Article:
AKRFC 59 Providence 31
Albany opened it's 2013 NERFU season with a win at home against Providence Rugby on Sunday.
The Knicks got off to a 19-3 lead in the first half with tries from Murphy Lil, Sean Mertz (converted by Tom Breslin), and Philip Ayoreh (converted by Breslin). In an all-too-familiar scenario however, much of that lead was squandered when the Knicks gave up a converted try with less than 5 minutes to go in the half, making the halftime score 19-10.
The Knicks got off to a quick start in the second half, with a try from fullback Scottie Bergen (converted by Breslin). This promising start was not maintained, and defensive lapses saw the Knicks quickly give up two converted tries, reducing Albany's lead to 2 points, 26-24, with most of the half left to play.
Soon however, the early signs of fatigue shown by Providence's big forwards transformed into a defensive collapse, and it seemed that every line-break or counterattack from Albany resulted in a try. Scottie Bergen ran in his second, followed by one from Steve Arango (converted by Breslin), a second from Murph (converted by Breslin), one from David O'Neill (converted by Breslin), and finally Sean Mertz's second (converted by Breslin).
Providence managed one more converted try late in the second, to bring the final score to 59-31.
There were several players who put in good performances for the Knicks. Tommy's kicking was excellent after an early miscue, and he hit multiple touchline conversions. Jesse put in a typically excellent defensive performance, with aggressive tackling early on disrupting any chance for Providence to establish their forward running game. Murphy Lil seemed to have a sixth sense, picking off passes and collecting loose balls. Most often when something went amiss for Providence, Murph was there. Murphy's law, anyone?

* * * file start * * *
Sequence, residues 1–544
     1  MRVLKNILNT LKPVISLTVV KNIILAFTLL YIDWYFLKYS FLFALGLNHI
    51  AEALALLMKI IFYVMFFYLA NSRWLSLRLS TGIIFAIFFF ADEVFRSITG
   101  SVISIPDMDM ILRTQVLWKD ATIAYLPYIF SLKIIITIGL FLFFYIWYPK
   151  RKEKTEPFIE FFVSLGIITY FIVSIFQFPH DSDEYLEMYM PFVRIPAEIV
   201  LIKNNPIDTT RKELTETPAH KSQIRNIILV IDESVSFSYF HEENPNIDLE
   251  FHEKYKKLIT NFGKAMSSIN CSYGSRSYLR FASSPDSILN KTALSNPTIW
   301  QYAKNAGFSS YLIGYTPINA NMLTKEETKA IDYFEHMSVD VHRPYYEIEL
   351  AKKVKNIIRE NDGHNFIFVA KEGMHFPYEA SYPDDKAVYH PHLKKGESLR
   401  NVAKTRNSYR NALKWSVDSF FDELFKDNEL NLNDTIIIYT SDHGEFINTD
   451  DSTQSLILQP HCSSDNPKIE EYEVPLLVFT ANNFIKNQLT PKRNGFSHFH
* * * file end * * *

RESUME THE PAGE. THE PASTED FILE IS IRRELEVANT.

The man of the match was Scottie Bergen at fullback. ALL of his counterattacks were effective. A very large portion of the Knicks' second-half tally came off of his breaks. He was at the center of what Albany did well in this match, which was exploit and score from counterattacks and turnovers.
Not everything went well for the Knicks. Albany's defensive performance was erratic at best. Many of Providence's points came from Albany failing to maintain a cohesive defensive line. Most often Albany's mistake was not advancing to tackle Providence's players at or behind the gain line. One try in particular came soon after a tapped penalty where Providence's runners started fully 10 meters behind the mark (20 meters between the two teams). Instead of closing off space and meeting the runners at the gain line, Albany's defenders advanced only about 2 meters, giving away territory, momentum, and front-foot ball, which was soon turned into points.
Albany's other weakness was rucking. Often Albany's body position in rucks was simply terrible, resulting in turnovers, slow ball, penalties, and too many players committed to rucks.
The result of this match is promising for Albany, particularly the total commitment to counterattacks that resulted in so many points in the second half. The best teams in the world set themselves apart by ruthlessly exploiting their opponents' mistakes, and Albany would do well to follow their example.
Let's keep training hard and fix our problems. Our opponents will be much tougher on the 7th.
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